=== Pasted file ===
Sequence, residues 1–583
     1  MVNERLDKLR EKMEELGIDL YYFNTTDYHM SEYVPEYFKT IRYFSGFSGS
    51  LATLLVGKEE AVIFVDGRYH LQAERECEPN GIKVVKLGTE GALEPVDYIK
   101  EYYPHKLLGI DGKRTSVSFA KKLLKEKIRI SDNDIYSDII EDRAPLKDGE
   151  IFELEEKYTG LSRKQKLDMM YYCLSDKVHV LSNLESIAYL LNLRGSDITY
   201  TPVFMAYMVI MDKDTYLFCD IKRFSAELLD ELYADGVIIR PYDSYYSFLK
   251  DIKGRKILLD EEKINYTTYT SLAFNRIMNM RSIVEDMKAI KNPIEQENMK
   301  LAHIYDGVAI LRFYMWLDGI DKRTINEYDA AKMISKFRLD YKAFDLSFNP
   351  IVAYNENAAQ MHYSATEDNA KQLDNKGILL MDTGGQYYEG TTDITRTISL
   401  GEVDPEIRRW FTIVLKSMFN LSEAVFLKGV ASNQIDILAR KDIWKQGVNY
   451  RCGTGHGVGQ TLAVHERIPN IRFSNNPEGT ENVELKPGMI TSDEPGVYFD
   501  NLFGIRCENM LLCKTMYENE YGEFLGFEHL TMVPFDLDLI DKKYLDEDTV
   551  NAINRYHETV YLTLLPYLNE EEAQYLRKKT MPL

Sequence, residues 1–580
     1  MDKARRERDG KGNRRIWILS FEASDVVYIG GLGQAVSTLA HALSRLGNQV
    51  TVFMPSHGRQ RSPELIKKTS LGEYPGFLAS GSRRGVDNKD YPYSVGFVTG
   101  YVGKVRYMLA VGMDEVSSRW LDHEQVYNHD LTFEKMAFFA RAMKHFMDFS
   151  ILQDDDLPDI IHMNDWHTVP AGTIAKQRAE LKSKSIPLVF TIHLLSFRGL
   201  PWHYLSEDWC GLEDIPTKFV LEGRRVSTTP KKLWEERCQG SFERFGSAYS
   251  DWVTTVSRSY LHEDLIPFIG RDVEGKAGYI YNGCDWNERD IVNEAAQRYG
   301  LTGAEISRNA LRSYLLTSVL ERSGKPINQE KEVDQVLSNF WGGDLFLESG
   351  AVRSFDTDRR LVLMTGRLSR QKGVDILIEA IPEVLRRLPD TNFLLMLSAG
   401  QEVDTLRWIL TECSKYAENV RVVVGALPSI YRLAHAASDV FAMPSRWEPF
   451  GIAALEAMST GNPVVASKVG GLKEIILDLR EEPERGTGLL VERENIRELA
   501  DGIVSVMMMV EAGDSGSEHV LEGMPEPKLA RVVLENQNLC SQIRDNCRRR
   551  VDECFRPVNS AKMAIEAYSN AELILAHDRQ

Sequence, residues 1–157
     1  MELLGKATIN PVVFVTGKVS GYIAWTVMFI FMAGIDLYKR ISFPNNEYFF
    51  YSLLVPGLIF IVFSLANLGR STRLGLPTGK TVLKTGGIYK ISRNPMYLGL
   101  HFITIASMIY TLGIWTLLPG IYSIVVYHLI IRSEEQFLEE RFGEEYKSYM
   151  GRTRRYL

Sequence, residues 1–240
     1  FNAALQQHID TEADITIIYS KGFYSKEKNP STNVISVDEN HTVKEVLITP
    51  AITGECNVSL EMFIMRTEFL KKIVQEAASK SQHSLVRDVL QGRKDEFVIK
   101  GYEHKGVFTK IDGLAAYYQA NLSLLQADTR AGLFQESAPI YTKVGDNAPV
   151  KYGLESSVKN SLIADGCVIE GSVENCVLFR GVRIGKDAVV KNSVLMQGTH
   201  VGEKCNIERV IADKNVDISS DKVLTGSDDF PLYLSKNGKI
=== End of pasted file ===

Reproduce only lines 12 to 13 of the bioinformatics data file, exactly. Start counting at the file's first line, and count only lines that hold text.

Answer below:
   501  NLFGIRCENM LLCKTMYENE YGEFLGFEHL TMVPFDLDLI DKKYLDEDTV
   551  NAINRYHETV YLTLLPYLNE EEAQYLRKKT MPL